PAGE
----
Are there still writers just in it for the fame/money?


I was listening to Storywonk Daily‘s 200th episode this morning. Lani and Alastair read an email that they’d received calling them out for taking potshots at ‘literary fiction’, and they apologized for taking out their frustration on a few snobby critics who consider anything not literary as ‘trash’ out on the whole genre. Alastair gave shoutouts to some of his favorite literary authors, and Lani said that whoever was passionate about literary fiction and inspired to write it, or loved to read it, they were a Storywonk at heart and that she’d avoid saying mean things in the future. It was all very sweet.

But something was nagging at me as I listened, and it took me a few minutes to figure out what I was thinking about. From a few places, including an article of Douglas Adams that was in ‘The Salmon of Doubt’, I’ve absorbed this meme of the literary author, (certainly not representing EVERY literary author,) who isn’t really passionate or inspired about the stories that can be told in that genre, but full of himself and just wanting to create a piece of “Literature.” (Douglas said in the article that he aspired to be literate, not literary.)

I have to admit, I’ve never really known another writer personally who I’d put into that category. And the broader bucket of ‘writers who are motivated more to be successful than by passion’ wouldn’t be unique to Lit fic – in other genres, considering the scarcity of artistic accolades, the equivalent would be someone who just wants to have written a successful blockbuster and get rich from it, instead of actually being inspired to write. I’m not sure I know anyone like that either.

Do writers like that actually exist, or are they just a cultural meme that sprang up from writers in one genre taking potshots at another?

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4 Responses to Are there still writers just in it for the fame/money?

  1. Writers will always take potshots at each other. They all think that they are geniuses at heart. They all think that you should be reading their work. The fact that there are so many around today is a testament to the empowering effect of social networking wherein every person can consider themselves a celebrity. Narcissism is the new black and everyone is wearing it.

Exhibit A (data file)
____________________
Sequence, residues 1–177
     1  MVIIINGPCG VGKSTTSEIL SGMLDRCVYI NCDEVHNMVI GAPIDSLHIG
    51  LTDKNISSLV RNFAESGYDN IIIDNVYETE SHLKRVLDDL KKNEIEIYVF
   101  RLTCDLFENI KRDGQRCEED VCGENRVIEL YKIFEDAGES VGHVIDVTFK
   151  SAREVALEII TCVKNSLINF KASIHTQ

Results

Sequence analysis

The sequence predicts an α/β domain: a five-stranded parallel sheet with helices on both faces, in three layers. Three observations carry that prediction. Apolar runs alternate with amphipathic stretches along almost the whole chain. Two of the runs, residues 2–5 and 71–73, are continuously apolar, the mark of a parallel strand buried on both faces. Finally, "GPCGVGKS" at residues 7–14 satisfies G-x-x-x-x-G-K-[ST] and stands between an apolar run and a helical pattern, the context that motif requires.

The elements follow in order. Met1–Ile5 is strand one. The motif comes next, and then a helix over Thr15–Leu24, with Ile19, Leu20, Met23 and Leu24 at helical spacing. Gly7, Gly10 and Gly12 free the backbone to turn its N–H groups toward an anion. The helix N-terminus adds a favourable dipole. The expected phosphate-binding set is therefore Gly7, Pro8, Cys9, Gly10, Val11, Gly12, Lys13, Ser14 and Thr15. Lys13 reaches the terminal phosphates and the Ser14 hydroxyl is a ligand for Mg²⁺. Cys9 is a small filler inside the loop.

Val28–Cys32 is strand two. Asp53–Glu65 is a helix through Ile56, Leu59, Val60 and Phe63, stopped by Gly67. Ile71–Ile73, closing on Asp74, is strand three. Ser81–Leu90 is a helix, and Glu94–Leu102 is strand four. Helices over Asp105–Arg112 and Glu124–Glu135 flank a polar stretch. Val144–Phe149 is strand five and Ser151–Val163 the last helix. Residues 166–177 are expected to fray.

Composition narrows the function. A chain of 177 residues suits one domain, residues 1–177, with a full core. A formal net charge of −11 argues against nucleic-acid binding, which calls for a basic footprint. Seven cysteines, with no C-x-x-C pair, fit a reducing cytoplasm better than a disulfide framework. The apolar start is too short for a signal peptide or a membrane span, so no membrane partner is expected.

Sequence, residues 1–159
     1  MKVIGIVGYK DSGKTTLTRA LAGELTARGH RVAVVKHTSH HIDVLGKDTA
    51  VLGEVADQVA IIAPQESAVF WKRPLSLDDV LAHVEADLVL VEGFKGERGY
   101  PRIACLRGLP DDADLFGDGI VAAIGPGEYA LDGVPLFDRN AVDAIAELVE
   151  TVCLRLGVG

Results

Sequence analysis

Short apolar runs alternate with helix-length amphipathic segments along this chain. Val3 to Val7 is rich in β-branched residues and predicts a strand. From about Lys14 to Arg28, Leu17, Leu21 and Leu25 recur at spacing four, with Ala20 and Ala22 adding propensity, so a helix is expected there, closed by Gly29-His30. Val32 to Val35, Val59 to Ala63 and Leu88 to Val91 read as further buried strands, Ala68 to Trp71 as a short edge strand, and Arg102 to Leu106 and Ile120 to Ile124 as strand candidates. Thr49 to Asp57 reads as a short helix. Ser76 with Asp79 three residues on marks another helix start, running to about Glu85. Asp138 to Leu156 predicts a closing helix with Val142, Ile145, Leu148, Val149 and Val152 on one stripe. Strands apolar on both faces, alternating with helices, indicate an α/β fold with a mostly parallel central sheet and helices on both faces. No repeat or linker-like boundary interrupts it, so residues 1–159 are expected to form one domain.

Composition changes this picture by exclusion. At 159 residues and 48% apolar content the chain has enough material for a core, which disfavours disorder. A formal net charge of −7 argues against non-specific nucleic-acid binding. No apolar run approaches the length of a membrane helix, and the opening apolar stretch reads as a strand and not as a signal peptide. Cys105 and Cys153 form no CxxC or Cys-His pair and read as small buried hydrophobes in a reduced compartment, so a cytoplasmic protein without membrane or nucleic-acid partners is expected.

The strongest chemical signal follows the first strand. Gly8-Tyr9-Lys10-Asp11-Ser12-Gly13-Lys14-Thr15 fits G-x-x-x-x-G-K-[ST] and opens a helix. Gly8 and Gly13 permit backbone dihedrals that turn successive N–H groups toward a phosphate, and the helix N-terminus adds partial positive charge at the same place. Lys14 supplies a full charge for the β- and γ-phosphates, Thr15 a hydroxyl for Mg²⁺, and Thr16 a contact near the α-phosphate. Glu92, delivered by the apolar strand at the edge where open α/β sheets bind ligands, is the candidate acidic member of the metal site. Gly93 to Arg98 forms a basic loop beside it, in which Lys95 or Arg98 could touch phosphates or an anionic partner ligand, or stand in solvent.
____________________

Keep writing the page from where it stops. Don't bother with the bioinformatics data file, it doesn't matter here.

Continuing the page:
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  2. avatar139 says:

    I dunno Chris,

    While I’m certainly cynical enough to believe that there are people who do it purely for the money out there, I think that like all art, writing requires more passion for the craft than skill in order for it to be commercially successful.

    I mean if you look at the odds, roughly 3 out of every 1000 authors becomes published and out of those only 1 in 10 ever makes enough money to be able to live off of it, so certainly if you were driven purely by ruthless ambition and greed, there are much easier ways to get rich with much higher odds of success attached to them.

    While I think there’s a pretty compelling argument to support the idea that genius is never appreciated in it’s own time, most of the writers who do end up wildly successful eventually bow out, but I don’t think it’s because they feel secure in the golden parachute they’ve secured for themselves, rather I suspect it more stems from the fact that the pressure from fans and the public but most of all from themselves suffocates the fire in the furnace of their imaginations.

    That’s not to say that I think that paying the bills isn’t a huge concern for aspiring and even established authors, but I guess my impression of most of the authors I know would be that while the art of the craft is what ultimately motivates them, the need for money is often what drives them to keep going at it full speed for pretty much the entire year! 😉

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  3. Alastair says:

    Great post, Chris.

    I think the answer to your question is a qualified no. There are certainly writers who are motivated by fame and money, but I don’t know any of them who have crossed the literary Rubicon of being published. At that point, you have no illusions left about the way the industry works, and if you aren’t in love with writing, then you would quit.

    Prior to reading your post, I would have been inclined to say that there are writers who work in certain areas who are motivated more by the money than by the artistic or narrative merit of their work — I don’t know who wrote the Michael Bay Transformers movies, for example, but I’m fairly certain that the zeroes on their cheque were highly motivating — but that may be the same kind of snarky nonsense that we ran into regarding literary fiction.

    On reflection, I think that anyone who is motivated by money or fame can find a better way of achieving their goals than writing. The only reason to write is that you can’t do anything else; it’s what fuels you, wakes you in the night, bebothers and confusticates you. That, I think, is why we see so many “successful” writers leaving behind the action work of storytelling in order to embrace commentary or controversy. Pretty much anything is easier — and a safer bet — than writing.

    I’m glad you enjoyed the show, and thanks for listening!

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